Thanks so much to Ben and Katey for sharing these great photos of their son Nikolai with us. Enjoy, and Happy Holidays!

Hi Duluth Pack folks,

As soon as our son was born 14 months ago, my parents ran down to Duluth Pack to buy him his first pack - he was only about 1 day old!

Beginning in the hospital and every few months since, we’ve put him in the pack for a shameless photo-op.

I thought you’d enjoy our “14 months of a first Duluth Pack”.

Have a great holiday season,

Ben & Katey; Duluth, Minnesota

The Lowdown

Duluth Pack’s Twelve Days of Christmas

December 2, 2011
A snowy day in Jay Cooke State Park

It’s that time of year when people are shopping, making their lists, and checking them twice.  The smell of gingerbread and hot chocolate is the air, with the twinkle of lights all around.  It’s a busy time of year, and we all know the excitement (or headaches for some) that is brought on by holiday shopping.  Budgeting for gifts, travel, food, and everything else can be trying, especially in today’s tough economic climate.  Most shoppers are looking for bargains and deals, basically anything to stretch their dollar just a little further this holiday season.

Duluth Pack will be adding to the shopping festivities by offering their 3rd annual, and highly anticipated, 12 Days of Christmas daily specials.  Starting December 5th and ending December 16th, Duluth Pack will have one (1) special offer per day with discounts up to 50% off.  And to make it even more exciting, each daily offer will be kept secret until the email release each morning.  For Duluth locals, the each daily offer will also be available for purchase at the Duluth Pack Flagship Store in historic Canal Park.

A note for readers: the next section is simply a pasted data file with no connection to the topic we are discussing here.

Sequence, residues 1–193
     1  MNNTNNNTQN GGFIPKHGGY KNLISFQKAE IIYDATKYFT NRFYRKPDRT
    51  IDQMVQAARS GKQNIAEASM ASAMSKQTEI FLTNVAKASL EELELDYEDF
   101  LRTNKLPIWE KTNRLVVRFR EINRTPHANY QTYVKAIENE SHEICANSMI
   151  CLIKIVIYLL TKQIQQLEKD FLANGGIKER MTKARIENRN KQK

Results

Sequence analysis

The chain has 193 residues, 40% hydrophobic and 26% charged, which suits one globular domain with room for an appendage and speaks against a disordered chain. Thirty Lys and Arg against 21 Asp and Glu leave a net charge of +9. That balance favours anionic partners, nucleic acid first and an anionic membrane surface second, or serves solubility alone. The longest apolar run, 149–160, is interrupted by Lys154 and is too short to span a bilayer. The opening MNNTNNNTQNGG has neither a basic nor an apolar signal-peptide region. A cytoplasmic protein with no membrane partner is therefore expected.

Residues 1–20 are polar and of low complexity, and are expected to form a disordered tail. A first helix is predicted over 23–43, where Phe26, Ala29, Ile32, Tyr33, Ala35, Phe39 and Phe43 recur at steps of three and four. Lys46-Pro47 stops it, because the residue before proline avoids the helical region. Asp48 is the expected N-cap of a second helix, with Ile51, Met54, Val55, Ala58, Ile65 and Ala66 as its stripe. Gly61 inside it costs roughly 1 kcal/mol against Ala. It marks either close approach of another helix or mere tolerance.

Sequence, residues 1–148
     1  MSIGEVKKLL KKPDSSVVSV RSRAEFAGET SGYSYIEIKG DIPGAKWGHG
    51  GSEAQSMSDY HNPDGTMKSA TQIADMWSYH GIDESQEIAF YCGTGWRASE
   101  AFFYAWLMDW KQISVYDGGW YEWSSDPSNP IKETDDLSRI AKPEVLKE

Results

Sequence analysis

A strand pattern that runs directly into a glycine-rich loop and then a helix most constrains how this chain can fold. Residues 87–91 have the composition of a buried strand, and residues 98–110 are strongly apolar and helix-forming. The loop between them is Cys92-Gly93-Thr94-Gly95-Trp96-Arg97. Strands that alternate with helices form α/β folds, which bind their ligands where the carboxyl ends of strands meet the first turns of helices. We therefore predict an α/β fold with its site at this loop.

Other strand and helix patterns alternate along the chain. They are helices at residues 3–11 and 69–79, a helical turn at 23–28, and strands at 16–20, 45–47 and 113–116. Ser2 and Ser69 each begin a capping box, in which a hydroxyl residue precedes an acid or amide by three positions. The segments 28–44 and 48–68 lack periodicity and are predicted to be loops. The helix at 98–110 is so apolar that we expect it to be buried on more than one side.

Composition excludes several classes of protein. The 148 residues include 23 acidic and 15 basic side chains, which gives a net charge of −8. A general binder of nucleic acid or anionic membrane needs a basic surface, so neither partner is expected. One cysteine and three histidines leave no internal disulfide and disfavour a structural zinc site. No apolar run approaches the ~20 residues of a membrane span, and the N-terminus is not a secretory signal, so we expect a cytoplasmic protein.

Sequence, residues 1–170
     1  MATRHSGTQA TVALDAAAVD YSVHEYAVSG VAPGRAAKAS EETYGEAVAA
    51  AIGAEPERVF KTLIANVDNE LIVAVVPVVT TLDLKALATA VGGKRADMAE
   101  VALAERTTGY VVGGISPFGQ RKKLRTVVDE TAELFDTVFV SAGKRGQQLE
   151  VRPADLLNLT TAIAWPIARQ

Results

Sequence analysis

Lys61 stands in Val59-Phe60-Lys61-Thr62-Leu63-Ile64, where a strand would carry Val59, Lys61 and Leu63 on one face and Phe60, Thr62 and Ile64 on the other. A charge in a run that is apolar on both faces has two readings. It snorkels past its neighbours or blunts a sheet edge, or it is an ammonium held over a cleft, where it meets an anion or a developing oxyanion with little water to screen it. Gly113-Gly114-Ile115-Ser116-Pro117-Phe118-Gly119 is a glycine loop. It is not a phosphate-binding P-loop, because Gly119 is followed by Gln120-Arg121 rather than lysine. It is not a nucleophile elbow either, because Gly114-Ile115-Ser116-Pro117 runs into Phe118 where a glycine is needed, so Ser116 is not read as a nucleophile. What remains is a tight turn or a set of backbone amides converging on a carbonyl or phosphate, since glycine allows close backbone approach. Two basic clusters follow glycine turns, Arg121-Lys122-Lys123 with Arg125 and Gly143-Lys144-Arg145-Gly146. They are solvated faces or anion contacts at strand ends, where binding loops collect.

If you are interested in participating in this once-a-year event, all you need to do is sign up for the Duluth Pack email newsletter at DuluthPack.com. 

On a personal note: thanks so much to Betsy Mistek who served as our guest blogger today. Great post Betsy.

 

 

 

 

 

Techniques & Advice, The Lowdown

Tips to improve your travel photography

October 13, 2011
A man sits on a step in Bhaktipur, Nepal

With the advent of the digital camera everyone has become a photographer in one form or another. From the professional carrying the Canon 1Ds to the amateur with the built-in SmartPhone camera, the majority of people can capture an image at anytime. And whether your destination is the Boundary Waters Canoe Area Wilderness or Timbuktu, here are a couple simple tips to think about before you press the button.

  1.  Fill the Frame – Once you have chosen your subject think about the elements that surround. Does all that sky enhance the photo or is it not necessary? If I remove all those trees branches and zoom in on my subject will it be a better photo? Now fill up that frame with your subject and let the background clutter fall away. And remember: the most powerful zoom lens you have is your feet, so get close to your subject.
  2. Rule of Thirds – There is an old saying among old photographers: “Dead center is dead boring.” When you are framing a photo draw mental lines, and divide it like a tic-tac-toe board. This works if you are framing a photo horizontally or vertically. Now, try to get your subject to fall on one of those lines you have mentally drawn. Better yet, get your focal point right where two of those lines cross. And for all landscape shots, get the horizon off the centerline.